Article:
The term neoconservative generally refers to former liberals who embraced the hawkish legacies of Democratic presidents such as Harry Truman, John F. Kennedy and Lyndon Johnson. These leaders believed America had a moral duty to spread democracy across the globe, by aggressive means if necessary. (Remember Bob Dole's controversial assertion during the 1976 presidential campaign that the wars of the 20th century were "Democrat wars"?). The neocons grew disenchanted with their party's increasing dovishness and opposition to boldly confronting the Soviet Union in the Cold War.
Ronald Reagan became their new hero. But the neocons also believed conservatives went adrift on foreign policy in the 1990s after the demise of Soviet empire. It was their job, they believed, to right ship.
Fast forward to July 1996. Richard Perle helped write a memo that was prepared by the Institute for Advanced Strategic and Political Studies, a Jerusalem-based think tank, for Benjamin Netanyahu's new Israeli government. Perle, a former Reagan assistant defense secretary, urged aggressive and robust tactics to secure Israel's interest in a "dangerous neighborhood."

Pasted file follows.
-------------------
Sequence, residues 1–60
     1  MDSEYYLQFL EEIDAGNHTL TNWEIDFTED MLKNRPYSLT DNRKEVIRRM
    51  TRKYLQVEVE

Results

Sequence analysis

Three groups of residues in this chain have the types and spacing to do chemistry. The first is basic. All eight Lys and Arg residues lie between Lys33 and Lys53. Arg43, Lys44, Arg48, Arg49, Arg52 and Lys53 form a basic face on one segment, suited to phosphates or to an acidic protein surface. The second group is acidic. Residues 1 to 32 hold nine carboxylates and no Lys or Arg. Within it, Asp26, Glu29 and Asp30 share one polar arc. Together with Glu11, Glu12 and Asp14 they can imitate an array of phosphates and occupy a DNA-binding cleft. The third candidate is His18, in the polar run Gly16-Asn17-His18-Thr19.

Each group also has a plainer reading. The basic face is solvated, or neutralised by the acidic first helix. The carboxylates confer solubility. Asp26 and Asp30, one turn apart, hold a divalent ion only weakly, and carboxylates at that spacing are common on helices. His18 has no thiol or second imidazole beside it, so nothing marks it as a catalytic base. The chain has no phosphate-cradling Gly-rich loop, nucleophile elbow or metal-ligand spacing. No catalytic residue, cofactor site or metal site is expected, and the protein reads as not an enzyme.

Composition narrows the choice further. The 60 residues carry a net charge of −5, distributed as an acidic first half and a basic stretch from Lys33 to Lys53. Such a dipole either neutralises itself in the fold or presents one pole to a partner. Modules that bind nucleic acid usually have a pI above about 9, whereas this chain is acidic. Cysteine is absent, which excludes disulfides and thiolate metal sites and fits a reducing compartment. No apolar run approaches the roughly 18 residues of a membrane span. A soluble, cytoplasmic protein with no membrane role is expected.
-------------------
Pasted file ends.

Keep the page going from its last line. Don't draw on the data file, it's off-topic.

Perle urged a hegemonic approach by Israel, suggesting that it could shape "its strategic environment, in cooperation with Turkey and Jordan, by weakening, containing, and even rolling back Syria. This effort can focus on removing Saddam Hussein from power in Iraq -- an important Israeli strategic objective in its own right -- as a means of foiling Syria's regional ambitions."